Bengaluru saw flash floods in July 2016, and considering not much has changed in the city since then, the likelihood of another flood in the city is quite likely. The BBMP officials realised last year that the major cause for the flash floods was the rampant encroachment of storm water drains in the city - and in the year since this survey, only 11.2 acres of the 80 acres of encroachments in the rajakaluve network have been recovered.
But while the encroachments themselves are a problem, did you know that the rajakaluves of Bengaluru werenâ€™t planned to sustain a cosmopolitan city in the first place?
Take a look at this map of Bengaluruâ€™s storm water drains from 1792, exclusively accessed by TNM:
The map was made by the British 225 years ago to denote the storm water drains that were existing back then. Most of these drains have been encroached upon over the years, and the city has continued to add more rajakaluves, but in a haphazard manner.
â€śThe map of the tanks shows that the system of interconnectivity of lakes through the SWDs was such that it suited the agricultural purposes,â€ť explains Naresh Narasimhan, an Urban Planner and member of Citizens of Bengaluru.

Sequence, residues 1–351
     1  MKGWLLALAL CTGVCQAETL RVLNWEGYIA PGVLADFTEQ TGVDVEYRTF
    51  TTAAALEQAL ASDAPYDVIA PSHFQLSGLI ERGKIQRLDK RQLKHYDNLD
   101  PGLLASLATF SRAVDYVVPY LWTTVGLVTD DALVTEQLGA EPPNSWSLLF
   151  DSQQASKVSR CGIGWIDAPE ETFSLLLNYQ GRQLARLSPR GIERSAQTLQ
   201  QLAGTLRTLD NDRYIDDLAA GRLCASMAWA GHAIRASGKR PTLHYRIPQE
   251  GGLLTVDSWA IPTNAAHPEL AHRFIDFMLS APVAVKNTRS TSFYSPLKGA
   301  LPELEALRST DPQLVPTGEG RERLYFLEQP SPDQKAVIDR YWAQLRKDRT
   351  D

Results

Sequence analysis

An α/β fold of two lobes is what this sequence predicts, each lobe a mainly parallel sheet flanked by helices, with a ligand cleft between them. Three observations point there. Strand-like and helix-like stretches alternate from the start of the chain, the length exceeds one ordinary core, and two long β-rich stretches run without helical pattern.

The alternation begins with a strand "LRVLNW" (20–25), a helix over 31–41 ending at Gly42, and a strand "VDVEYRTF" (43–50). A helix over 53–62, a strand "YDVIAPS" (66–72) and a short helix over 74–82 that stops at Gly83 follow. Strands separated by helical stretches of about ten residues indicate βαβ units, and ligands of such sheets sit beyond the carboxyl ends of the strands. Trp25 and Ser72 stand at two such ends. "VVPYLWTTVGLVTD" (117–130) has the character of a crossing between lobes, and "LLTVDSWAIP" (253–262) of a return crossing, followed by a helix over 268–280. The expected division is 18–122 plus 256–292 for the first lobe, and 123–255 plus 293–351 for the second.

And the planners of Bengaluru have either ignored this map, or have deliberately encroached upon the storm water drains in the last 225 years.
â€śOver the years, many tanks were encroached upon and they currently house residential layouts and even bus stands and stadiums,â€ť Naresh says.
For instance, the Koramangala, Domlur and Marenahalli tanks have now been converted into residential layouts, the Sampangi tank into the Kanteerava Stadium, Dharmabuddi tank into the Kempegowda Bus Station, Shoolay tank has been converted to the football stadium and the Challaghatta tank into the Golf Course to name a few tanks that have been wiped out.
The Akkithimmanahalli kere or Mudtank is where the Hockey Clubâ€™s lawn is currently located.
Activists also say that what the planners should have done is to make the maps more accurate and then plan the city.
â€śIf you look at the revenue maps which demarcate the storm water drains, they are old and are not accurate. When the city was being planned, the civic bodies did not stop to check if the SWDs were located in the same areas as in the old revenue maps. It was only recently that the civic agencies have used satellite mapping to develop the master plan for the city,â€ť says architect Prem Chandavarkar.
â€śWe need to decentralise the maintenance of the water systems and hand it over to ward-level committees. Maintaining these at community level will ensure accountability. Instead of constructing concrete SWD drains, natural drain systems must be constructed to ensure ground water recharge,â€ť Prem Chandavarkar adds.